Types of Visa in Beijing

All Westerners are required to have a visa to enter China. All Westerners not staying in a hotel are required to register at the nearest police station within 24 hours of their arrival in China. No visa is required for ordinary passport holders from Singapore, Brunei and Japan to visit China for up to 15 days for business, sightseeing, visiting relatives and friends or transit.

All other non-Chinese nationals need a visa to enter the country – including nationals from Chinese Taipei (Taiwan). Hong Kong citizens do not need entry visas for China. Prior the 2008 Summer Olympics in Beijing, the Chinese government tightened the rules for obtaining and renewing visas. You must keep in mind that Chinese visa policy can vary a lot depending on many factors: international-level events held in China (the Beijing Olympics is the best example), security alerts, internal political or social problems or even diplomatic conflicts with one given country can make things a lot more difficult for citizens of the concerned country. This not only affects getting the visa, it also can change how police watch the correct use of each type of visa. During the Beijing Olympics, for example, public security forces persecuted foreigners who were working in China but had a business visa (which is not legal, but a very common practice), often through surprise inspections in foreign companies’ offices.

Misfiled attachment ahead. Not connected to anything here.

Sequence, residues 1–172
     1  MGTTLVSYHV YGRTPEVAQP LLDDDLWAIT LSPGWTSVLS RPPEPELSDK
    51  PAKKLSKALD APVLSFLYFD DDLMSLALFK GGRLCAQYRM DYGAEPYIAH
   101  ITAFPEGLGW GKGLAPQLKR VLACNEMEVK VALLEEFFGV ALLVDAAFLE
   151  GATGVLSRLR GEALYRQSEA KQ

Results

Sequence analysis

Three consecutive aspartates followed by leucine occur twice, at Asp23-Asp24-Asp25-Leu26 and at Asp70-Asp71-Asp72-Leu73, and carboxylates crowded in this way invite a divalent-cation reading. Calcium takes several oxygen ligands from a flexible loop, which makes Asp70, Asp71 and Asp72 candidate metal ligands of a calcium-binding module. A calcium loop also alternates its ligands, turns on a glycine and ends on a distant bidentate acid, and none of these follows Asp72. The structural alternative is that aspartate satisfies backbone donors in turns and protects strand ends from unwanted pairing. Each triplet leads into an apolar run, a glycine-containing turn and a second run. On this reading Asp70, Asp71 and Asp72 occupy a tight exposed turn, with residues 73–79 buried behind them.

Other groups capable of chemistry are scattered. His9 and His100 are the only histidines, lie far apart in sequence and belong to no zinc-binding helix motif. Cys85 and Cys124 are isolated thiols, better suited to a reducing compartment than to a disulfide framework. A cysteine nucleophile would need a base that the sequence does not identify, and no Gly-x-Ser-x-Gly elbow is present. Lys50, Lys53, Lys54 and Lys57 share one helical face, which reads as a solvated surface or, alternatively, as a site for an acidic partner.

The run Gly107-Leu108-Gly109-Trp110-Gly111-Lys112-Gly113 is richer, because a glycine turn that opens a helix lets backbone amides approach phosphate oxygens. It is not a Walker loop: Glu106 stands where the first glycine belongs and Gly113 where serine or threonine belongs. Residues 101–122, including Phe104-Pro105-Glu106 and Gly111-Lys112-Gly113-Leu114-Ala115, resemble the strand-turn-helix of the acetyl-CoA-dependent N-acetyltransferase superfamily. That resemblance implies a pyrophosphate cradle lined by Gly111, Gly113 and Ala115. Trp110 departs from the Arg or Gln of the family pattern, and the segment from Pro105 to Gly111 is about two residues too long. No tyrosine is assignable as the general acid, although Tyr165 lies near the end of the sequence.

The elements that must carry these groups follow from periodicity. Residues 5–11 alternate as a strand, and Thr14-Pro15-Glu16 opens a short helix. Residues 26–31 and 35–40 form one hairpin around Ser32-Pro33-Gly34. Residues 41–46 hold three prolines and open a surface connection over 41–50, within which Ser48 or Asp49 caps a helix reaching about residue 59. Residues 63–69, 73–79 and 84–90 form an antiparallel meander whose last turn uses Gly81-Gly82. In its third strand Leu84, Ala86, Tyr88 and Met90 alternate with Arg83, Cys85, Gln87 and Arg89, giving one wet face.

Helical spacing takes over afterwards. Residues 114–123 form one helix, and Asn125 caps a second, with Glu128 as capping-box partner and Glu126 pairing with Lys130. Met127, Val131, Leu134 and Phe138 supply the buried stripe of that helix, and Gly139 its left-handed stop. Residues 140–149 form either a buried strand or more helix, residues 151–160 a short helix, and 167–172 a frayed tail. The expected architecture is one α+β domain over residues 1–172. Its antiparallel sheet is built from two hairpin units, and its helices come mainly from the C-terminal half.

You can get your Chinese visa at Chinese embassies, consulates, and other offices authorized by the Ministry of Foreign Affairs of China. If they have a website, sometimes you can download the application forms, but there is no centralized government website that maintains information and forms. Check with your home country’s Chine…